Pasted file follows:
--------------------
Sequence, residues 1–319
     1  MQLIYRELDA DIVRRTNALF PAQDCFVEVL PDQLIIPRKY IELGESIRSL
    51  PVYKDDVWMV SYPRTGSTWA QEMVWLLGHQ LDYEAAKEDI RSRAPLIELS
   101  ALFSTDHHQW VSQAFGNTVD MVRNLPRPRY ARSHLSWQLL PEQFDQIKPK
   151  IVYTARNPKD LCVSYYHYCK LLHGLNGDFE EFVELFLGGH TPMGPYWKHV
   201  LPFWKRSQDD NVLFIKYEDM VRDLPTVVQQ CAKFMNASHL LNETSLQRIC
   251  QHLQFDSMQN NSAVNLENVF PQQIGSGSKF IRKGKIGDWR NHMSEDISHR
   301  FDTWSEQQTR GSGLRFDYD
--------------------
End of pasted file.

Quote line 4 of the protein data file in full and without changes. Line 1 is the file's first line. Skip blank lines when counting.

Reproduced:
   101  ALFSTDHHQW VSQAFGNTVD MVRNLPRPRY ARSHLSWQLL PEQFDQIKPK